NOTE TO READER: This is an attempt at a two-part blog. I felt that the entire piece was too long for one post. Please enjoy Part I; Part II will be out shortly.
I was standing outside the coliseum holding my candle and my sign. I hadn’t had time to make my own sign, which is what I prefer, and was holding one that said something about elephants in chains. It was my first protest after having moved to Denver a few months earlier and I was excited to see so many people speaking for the voiceless at yet another circus demonstration against Ringling Brothers and their continual maltreatment of animals.
All across the US there were candlelight vigils going on that same night with thousands of people gathering to speak for the voiceless, well, one voiceless. These people were not protesting the maltreatment of animals in circuses yet were remembering a young college student named Matthew Sheppard who had been savagely beaten that week in Laramie, Wyoming.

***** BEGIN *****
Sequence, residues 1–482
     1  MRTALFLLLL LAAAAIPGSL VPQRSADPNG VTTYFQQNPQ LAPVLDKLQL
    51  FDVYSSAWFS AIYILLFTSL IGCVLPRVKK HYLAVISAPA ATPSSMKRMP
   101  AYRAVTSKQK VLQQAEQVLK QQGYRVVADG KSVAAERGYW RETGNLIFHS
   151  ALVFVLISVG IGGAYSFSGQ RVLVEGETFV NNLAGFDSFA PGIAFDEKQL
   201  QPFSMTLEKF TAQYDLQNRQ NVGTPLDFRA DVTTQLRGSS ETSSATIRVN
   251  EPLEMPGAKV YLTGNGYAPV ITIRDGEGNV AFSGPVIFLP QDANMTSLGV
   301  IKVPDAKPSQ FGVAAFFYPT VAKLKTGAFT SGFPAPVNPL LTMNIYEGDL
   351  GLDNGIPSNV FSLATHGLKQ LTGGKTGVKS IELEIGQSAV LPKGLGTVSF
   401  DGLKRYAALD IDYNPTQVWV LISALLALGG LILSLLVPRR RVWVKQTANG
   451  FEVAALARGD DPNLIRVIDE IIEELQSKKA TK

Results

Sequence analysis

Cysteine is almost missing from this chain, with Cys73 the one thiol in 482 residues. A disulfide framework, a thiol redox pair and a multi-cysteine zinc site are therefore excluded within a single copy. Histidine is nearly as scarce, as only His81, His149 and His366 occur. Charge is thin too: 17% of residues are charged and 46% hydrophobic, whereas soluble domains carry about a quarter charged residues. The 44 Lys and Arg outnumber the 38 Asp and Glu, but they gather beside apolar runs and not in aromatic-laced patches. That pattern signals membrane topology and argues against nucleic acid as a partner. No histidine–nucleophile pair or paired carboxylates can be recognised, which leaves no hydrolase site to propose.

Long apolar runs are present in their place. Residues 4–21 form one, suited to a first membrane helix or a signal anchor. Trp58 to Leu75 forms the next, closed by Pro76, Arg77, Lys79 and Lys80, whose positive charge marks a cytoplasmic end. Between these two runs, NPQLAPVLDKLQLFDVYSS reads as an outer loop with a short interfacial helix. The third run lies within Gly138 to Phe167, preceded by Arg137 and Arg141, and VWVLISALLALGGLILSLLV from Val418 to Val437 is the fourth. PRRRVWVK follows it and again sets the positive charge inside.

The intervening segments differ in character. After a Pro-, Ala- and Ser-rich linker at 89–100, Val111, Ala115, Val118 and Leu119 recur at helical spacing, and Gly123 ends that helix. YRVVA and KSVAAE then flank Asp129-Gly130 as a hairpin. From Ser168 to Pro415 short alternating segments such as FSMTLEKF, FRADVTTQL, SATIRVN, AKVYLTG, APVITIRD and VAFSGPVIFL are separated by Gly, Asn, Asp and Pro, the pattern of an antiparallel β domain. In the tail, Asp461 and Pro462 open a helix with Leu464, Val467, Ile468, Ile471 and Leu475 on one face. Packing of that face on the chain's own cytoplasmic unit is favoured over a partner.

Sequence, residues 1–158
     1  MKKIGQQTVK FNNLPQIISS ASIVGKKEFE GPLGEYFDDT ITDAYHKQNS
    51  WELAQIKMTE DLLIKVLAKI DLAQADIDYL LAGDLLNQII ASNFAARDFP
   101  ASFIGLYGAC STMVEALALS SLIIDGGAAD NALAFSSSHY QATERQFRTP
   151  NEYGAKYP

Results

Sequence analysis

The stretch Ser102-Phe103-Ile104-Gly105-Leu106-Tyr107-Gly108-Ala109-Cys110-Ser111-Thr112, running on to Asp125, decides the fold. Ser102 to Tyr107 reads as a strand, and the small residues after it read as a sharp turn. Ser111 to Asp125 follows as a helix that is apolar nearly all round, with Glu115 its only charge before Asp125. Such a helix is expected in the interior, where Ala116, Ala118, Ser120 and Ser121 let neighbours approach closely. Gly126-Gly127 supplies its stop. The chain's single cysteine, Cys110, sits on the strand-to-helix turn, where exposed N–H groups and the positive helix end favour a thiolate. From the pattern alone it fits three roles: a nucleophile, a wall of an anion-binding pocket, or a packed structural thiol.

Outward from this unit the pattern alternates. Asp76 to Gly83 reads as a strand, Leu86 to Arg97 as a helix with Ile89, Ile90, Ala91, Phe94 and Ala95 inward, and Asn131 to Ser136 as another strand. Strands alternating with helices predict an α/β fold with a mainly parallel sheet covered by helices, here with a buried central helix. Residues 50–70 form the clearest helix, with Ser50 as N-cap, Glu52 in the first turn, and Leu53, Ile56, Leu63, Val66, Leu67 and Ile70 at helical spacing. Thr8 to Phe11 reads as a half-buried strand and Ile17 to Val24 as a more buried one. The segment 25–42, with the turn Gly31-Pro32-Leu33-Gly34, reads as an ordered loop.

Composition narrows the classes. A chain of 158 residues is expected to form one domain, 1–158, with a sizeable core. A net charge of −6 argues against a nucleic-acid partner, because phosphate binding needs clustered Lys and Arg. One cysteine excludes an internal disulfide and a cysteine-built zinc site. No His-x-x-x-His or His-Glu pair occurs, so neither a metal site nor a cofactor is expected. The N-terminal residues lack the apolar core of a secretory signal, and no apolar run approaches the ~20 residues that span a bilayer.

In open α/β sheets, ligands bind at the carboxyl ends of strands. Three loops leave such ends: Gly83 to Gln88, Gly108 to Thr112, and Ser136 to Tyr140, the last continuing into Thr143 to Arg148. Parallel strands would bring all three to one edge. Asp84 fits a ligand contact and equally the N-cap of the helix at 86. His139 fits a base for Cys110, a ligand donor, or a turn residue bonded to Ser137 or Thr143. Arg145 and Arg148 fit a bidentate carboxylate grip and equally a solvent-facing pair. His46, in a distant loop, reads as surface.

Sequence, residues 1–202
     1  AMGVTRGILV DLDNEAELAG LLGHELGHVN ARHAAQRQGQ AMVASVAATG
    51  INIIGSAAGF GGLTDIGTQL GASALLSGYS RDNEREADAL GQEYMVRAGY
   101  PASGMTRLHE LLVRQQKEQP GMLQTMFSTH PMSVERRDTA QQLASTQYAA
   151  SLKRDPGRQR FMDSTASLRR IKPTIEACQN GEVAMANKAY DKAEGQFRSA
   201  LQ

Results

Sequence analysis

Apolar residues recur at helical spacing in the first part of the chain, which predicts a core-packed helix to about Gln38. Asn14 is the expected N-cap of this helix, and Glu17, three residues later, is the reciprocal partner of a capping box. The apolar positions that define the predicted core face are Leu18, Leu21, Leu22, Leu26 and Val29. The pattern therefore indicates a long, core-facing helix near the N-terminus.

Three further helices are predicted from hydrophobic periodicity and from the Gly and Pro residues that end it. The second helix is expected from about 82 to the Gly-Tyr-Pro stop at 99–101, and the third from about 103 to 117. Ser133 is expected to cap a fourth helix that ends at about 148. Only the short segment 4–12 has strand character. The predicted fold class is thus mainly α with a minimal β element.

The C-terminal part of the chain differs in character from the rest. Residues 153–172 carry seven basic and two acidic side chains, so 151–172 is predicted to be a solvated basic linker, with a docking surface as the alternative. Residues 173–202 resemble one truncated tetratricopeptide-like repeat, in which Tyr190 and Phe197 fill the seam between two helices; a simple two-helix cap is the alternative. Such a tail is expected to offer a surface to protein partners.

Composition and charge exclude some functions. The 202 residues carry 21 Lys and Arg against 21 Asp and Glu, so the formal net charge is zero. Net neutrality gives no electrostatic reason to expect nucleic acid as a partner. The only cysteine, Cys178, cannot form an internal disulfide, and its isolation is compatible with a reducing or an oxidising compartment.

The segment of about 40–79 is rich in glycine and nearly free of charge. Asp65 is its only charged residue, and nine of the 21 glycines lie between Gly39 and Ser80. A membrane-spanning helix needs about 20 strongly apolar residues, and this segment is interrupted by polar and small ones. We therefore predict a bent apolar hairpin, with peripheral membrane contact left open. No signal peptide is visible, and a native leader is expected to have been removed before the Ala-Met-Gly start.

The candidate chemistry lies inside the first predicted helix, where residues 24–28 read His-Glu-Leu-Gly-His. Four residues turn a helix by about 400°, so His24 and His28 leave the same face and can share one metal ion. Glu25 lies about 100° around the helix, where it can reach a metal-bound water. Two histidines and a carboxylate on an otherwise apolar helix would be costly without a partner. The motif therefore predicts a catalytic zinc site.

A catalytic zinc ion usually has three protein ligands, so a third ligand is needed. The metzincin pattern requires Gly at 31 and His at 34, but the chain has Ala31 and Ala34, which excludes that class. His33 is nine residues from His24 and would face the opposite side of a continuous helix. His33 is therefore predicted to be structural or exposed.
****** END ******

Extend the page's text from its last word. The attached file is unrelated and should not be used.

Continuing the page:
I had attended a protest two days earlier at the state capitol in Denver, joined with several hundred others who were outraged by the beating. I was most likely the only person who attended both the circus protest and the gathering against hate at the state capitol. The two don’t mix. Animal rights activists speak out against torture and cruelty toward animals. Gay and lesbian activists speak out against hate crimes and violence against gay, lesbian bisexual and transgender people.
Back to the moment, I was kindly reminding people entering the circus of the lifelong saga of elephants who are kept in chains a large part of their lives. Many elephants had died in Ringling Brother’s captivity and sadder yet many of the elephants were born free, captured, and now were performing throughout the US to satisfy the entertainment needs of a carefree society.
Matthew Sheppard was 21 when he met two men at a local bar in the college town of Laramie. The two were locals, apparently had some drinks with Matthew, and then went for a ride. On the outskirts of Laramie all three got out of the truck and the two men proceeded to beat Matthew unconscious. This all happened about two hours northwest of where I was living with my male partner.
“A life in chains” I politely said as more people walked by.
“Faggot”. Faggot was a response, not common but certainly not uncommon. It seems the worst thing one can call a protestor is a faggot.
“He was a faggot,” exclaimed one of Matthew Sheppard’s torturers.
“Please don’t go in” I pleaded.